A few years ago my sister and her friend went to camp a came home with a box full of Monarch caterpillars. We raised them in a large tub covered with bug net, filling it up with fresh milkweed everyday until they formed dozens of chrysalises (I had to look that one up, thought it might my chrysali but it’s not) and finally turned into a whole flock of monarch butterflies. We released them all after their wings has hardened and let me you, being surrounded by a swarm of dozens of fluttering monarchs is beyond words. The tub worked but since you had to remove the top it got tricky once they started pupating.
I had that scenario in mind when I found a monarch caterpillar while on a walk with my mom and a sleeping Mary. I looked for some friends but haven’t had any luck so for now I have named him Horatio and he lives alone. He was living in a lemonade cup from Wendy’s with a new milkweed leaf every day and a quick clean up daily.
If you’ve never raised caterpillars you should know they poop a lot. It’s called ‘frass’ and in this case it’s small balls of green leaf. It’s really important to keep the container clean. See that stuff up above? That’s what you want to keep away from the caterpillars.
It’s not hard to raise caterpillars but it is a commitment. They need a constant supply of fresh food, Horatio eats at least 1/2 a large leaf in a day by himself. So you need a good supply of milkweed to take them though to the end. It’s a cool process to observe, they are caterpillars for around 2 weeks and in that time they go through 5 instars. Right out of the eggs they are about the size of an ant. Horatio was in his 4th instar when I scooped him up and after a sad Monday (I thought he had died) he shed and entered his 5th instar. That means caterpillar Horatio will be leaving us and butterfly Horatio will be on his way soon!
I felt bad that he was spending his youth in a lemonade cup so I built him a palace. If you’re in the market for a caterpillar palace I might be able to help you. Sadly I don’t have any in process pics.
Miss Mary has learned to crawl and I spent most of my time keeping her out of the potted plants.
- Tomato cage – the one I used is huge! Lowe’s had the 54 inch blue powder coated ones on clearance so that’s what I grabbed
- Flowerpot – deep is good and you need to fit the tomato cage in it, make sure the duck tape sticks to it!
- Organic potting soil or compost
- Clothes pins
- Duck Tape
- Caterpillar, milkweed, branching stick
- Fill the pot with soil. It serves a few purposes; it keeps the whole thing from tipping over, it gives the caterpillars a soft place to land if they fall (not that Horatio would ever fall…) and helps the milkweed stay fresh if you pull up the plants roots and all.
- Stick the tomato cage in. Hopefully it’s pretty stable, if not add more soil.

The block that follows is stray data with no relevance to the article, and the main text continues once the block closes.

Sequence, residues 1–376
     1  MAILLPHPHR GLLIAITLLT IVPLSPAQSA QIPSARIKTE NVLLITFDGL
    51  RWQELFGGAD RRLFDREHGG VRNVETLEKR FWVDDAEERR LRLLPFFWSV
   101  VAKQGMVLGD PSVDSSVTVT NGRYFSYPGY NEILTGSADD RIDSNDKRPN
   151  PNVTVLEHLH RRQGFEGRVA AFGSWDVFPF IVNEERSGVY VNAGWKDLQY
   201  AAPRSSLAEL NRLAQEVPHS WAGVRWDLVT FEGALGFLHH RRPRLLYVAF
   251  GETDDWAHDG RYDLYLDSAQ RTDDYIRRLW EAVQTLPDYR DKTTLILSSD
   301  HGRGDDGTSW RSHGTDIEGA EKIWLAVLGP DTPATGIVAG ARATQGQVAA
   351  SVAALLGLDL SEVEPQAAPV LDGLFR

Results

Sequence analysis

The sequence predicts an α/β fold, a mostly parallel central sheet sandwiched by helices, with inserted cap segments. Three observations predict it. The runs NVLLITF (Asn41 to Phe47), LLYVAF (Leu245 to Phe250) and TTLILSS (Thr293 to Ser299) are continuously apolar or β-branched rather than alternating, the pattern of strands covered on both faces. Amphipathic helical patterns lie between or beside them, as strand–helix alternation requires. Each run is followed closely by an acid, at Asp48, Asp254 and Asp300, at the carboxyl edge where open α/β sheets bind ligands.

- Add a stick, look for one with horizontal branches for the caterpillars to make their chrysalises on
- Gather the top of the tulle together about 4 inches down, make sure the ends overlap and cinch it tight with the zip-tie
- Drape it over the top to the gather is roughly center and trim the tulle so it hangs down about 1 inch past the pot
- Tape the netting to the pot, keep it taught to the lip of the pot so you don’t create a pocket for the caterpillars to get stuck in. You’ll need to make a few gathers as you go around
- Overlap the tulle by about 5 inches and finish taping
- Use a clothes pin at the top to secure the two ends one over the other
- Clothespin a leaf to the branch of you have a singleton or if you have a lot of caterpillars you’ll be better off pulling up whole plants, you can bury the roots in the soil and they’ll stay fresh longer, with only one it’s easier just to add one leaf at a time.
- Use another clothespin to keep it closed by pinning the two layers of netting together.
The netting is slightly stretchy so your door should open wide enough to let you replace the milkweed without much trouble.
Keep the cage in a protected area, out of direct sun. Because the sides are all netting ventilation shouldn’t be a problem. . I have mine in our breezeway aka entry way. We keep the windows open all summer so there is lots of fresh air. When it’s time to release him (by the way I don’t know what gender the caterpillar is, Horatio just seemed like a good name so it became a he) I’ll snip the zip tie and remove the clothes pins. After a quick clean up and a new zip-tie we’ll be ready for another batch.
For more info check out the Monarch Larva Monitoring Project where you can even sign up to monitor monarch presence in your area. Another great site is Learn About Monarchs.
Update: 2017 was a great year for monarchs! We raised 20+ caterillars and released them all for the final migration to Mexico! This time I kept them in the house in a large terrarium in the house so the kids could watch the whole process from caterpillar to chrysalis to butterfly. We also overwintered 2 swallowtail butterflies that we released in the spring of 2017 in the same way.
Saturday 27th of January 2018
Very cool idea,i have been working towards getting more butterflys in my flower gardens.
Friday 1st of August 2014
Wow! Awesome! One time our yard was filled with migrating monarchs, thousands. When they flew off, it was the most amazing thing! I wish I had been taking pictures like I do back then.